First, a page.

On Point: Lighting the Entrepreneurial Fire in the Third World

by Austin BayNovember 20, 2002

NAIROBI, Kenya -- What kind of fire does $15 ignite in Paidha,Uganda, or Thika, Kenya?

What caliber of economic and entrepreneurial fire, that is.

For Mary Wanango, the bean lady in the Paidha town market (twocolorful acres of intense open-air sales action every Wednesday morning),the impact of a $15 loan has been enormous.

Mary, dressed in a cotton rainbow, is all business about beans.Her initial $15, provided by the woman's business coop at St. PetersAnglican Church in Paidha, turned her into an international trader.

"I now cross the border to the Congo town of Kudikoka," she toldme through a translator. "Because I have capital, the loan, I can now buyseveral kilos, 20 kilos in bulk, cheaper than I buy in Uganda."

Her business has boomed. "My customers here in Paidha buy moreat a lower price. I have repaid the first loan and sought another." Herimport cost at border customs, if the Congolese and Ugandan border copsdon't pump for a bribe? "1500 Uganda shillings."

That's roughly 80 cents. Don't sniff, that's steep governmenttaxation for Uganda's rural West Nile Province, where 1200 shillings is agood day's wage.

Exchange rates and local economics, however, only begin tosuggest the potential economic impact of small but highly directed loans, orin some cases, small-scale aid programs.

St. Peters Church in Paidha -- the town only appears on adetailed map -- is directly engaged in the hottest concept in internationaldevelopment and aid: micro-development.

From Bangladesh to Thailand, think small and do small has cachetamong governmental and non-governmental aid and development advocates. Thebest programs, however, really don't "think small," they think large in adifferent way. They seek to encourage and promote the productive dynamism ofhuman will and creativity empowered by experience, education and ethics.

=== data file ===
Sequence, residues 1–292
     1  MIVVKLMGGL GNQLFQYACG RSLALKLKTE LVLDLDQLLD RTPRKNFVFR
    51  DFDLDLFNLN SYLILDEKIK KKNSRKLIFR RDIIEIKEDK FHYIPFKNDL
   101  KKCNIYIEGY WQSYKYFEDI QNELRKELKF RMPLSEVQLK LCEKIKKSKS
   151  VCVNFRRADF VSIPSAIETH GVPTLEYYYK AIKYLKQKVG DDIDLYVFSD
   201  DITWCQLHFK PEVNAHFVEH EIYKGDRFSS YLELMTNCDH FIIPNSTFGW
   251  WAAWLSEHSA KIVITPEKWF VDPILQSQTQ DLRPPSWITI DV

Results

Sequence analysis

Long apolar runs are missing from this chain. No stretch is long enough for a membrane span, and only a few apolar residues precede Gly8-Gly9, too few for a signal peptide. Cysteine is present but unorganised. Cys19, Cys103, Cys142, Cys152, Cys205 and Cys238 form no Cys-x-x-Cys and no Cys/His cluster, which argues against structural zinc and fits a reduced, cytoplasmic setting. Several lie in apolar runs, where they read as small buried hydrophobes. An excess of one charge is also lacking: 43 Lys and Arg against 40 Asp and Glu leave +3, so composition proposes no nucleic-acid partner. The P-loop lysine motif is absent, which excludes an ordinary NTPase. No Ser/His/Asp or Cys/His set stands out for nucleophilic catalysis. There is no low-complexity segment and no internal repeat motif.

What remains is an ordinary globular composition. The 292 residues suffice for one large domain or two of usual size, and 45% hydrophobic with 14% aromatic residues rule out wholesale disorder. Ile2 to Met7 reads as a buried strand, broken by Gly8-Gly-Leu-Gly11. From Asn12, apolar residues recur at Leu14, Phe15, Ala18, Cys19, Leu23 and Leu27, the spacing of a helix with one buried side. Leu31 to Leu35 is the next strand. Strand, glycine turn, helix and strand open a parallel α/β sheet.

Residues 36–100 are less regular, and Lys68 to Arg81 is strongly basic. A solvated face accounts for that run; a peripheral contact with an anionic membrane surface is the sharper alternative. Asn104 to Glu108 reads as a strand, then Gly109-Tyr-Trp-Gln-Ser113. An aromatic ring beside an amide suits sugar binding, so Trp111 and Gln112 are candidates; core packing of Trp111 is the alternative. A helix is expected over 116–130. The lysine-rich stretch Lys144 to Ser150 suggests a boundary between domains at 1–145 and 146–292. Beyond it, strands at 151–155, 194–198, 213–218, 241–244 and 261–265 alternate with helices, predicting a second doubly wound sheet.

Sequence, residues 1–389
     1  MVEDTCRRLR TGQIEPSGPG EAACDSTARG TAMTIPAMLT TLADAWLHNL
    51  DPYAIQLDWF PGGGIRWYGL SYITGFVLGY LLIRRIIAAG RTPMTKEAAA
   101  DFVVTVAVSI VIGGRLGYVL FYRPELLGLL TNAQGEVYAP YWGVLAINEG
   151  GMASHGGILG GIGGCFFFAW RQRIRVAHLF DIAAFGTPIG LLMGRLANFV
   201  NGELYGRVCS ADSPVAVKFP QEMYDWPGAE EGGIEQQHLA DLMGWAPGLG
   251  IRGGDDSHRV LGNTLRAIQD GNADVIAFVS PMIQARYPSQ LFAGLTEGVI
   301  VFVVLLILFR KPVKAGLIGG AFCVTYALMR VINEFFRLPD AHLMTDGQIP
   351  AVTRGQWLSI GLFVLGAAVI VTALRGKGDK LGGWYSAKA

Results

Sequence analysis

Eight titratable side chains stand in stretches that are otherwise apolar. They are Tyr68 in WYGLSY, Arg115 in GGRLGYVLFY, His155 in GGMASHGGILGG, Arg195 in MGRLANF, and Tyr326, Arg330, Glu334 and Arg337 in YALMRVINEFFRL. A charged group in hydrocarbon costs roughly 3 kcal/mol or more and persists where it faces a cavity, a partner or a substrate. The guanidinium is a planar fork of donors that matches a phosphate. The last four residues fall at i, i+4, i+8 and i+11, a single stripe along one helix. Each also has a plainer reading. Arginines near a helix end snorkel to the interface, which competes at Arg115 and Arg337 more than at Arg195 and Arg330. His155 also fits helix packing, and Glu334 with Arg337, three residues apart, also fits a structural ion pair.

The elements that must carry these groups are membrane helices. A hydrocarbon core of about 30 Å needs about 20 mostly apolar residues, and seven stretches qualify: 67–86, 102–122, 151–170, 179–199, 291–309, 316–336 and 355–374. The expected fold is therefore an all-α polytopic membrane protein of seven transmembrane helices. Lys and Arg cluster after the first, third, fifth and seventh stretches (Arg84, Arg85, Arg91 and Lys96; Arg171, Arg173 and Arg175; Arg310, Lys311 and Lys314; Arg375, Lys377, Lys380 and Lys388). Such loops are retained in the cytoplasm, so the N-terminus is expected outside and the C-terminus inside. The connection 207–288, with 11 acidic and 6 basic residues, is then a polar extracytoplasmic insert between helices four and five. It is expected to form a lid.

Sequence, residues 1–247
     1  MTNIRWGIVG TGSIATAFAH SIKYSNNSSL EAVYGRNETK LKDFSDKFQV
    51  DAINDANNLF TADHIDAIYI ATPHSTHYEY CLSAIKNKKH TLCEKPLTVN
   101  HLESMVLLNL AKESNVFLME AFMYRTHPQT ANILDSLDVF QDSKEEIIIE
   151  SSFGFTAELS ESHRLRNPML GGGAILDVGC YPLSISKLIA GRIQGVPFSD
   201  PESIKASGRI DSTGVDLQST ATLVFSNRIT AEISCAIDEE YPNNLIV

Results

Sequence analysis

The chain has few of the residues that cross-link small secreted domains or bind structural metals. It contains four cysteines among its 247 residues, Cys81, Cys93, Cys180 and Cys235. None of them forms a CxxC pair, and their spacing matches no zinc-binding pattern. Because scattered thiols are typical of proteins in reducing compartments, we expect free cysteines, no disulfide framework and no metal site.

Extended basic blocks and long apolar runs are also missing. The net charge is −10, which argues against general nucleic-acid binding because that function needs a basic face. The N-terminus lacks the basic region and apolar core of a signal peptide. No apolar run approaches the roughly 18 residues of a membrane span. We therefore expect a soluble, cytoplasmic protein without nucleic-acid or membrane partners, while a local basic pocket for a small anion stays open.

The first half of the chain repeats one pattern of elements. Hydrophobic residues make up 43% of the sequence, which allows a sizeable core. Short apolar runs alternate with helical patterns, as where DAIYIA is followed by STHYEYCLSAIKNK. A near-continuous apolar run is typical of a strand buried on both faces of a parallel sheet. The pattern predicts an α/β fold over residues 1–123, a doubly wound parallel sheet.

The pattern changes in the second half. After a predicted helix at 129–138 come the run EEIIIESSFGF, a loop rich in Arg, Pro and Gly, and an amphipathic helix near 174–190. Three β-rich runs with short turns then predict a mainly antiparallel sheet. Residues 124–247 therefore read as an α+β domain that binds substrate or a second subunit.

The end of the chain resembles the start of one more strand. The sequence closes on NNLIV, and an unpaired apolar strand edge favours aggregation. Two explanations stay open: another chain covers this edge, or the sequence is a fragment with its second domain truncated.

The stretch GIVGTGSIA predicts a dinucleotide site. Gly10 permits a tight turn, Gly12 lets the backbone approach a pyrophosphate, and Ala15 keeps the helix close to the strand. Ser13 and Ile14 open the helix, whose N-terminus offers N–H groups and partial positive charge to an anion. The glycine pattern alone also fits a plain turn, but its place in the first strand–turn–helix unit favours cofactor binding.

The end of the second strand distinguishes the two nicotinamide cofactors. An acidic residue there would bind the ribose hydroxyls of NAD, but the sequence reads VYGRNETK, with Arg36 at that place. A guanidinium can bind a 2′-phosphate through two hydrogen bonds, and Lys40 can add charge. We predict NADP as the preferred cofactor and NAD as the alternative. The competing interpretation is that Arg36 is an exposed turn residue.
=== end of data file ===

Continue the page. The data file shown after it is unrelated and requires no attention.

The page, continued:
I spent two weeks in Kenya and Uganda examining severalmicro-development and aid programs. Micro-development attracted me a decadeago as a means of slipping capital into developing nations beneath what Idubbed "the corruption horizon." Corruption savages economic development --ask investors in Global Crossing and Enron. Small, targeted programs areless likely to attract big thieves with Swiss bank accounts.

Since 1950, international agencies have spent a cool trillion inU.S. dollars on anti-poverty and economic programs in developing nations,with much of it wasted or pilfered. In too many cases, "spending large" hasnot produced large, or medium, or even small results. Big dams and bad debtaren't the crucial development issues -- they are building human economicexpertise and thwarting corruption.

East Africa has a growing number of people who are doingprecisely that. The majority of the programs I saw support their small-scalefinance activity with business advice, economic education and ethicalcounsel. The goals: building the economically savvy "human infrastructure"and civil society that undergird liberal capitalism.

That isn't thinking small, it's thinking long -- then proceedingto build the human spine of 21st century economies.

In Kenya, I visited Nairobi slums and outlying towns withFaulu-Kenya, a non-sectarian micro-finance corporation dedicated to buildingpeople who can build an economy. We spent one morning in Thika, whereFaulu-Kenya is advising a church organization on how local leaders cancreate, fund and operate a "village development bank" in a grass-rootseffort to fight unemployment.

One Kenyan businessman told me: "There are many in our nationalgovernment who support these efforts fully. But doing for yourself, forourselves -- with good advice and models, of course -- this empowers thepeople for building a stronger, expanding national economy."

Bishop Henry Orombi, of the Anglican diocese of Nebbi in Uganda,where Paidha is located, has set up 52 women's economic cooperatives.Through two lending cycles, only two groups defaulted on loans. "Theseprograms are a means for people in developing nations to move from aid, areceiving mentality, to doing," Orombi said.

Hope isn't a method. These programs are the slow but genuineroad to a better future.

Read Austin Bay's Latest Book

To find out more about Austin Bay and read features by other Creators Syndicate writers and cartoonists, visit the Creators Syndicate Web page at www.creators.com.


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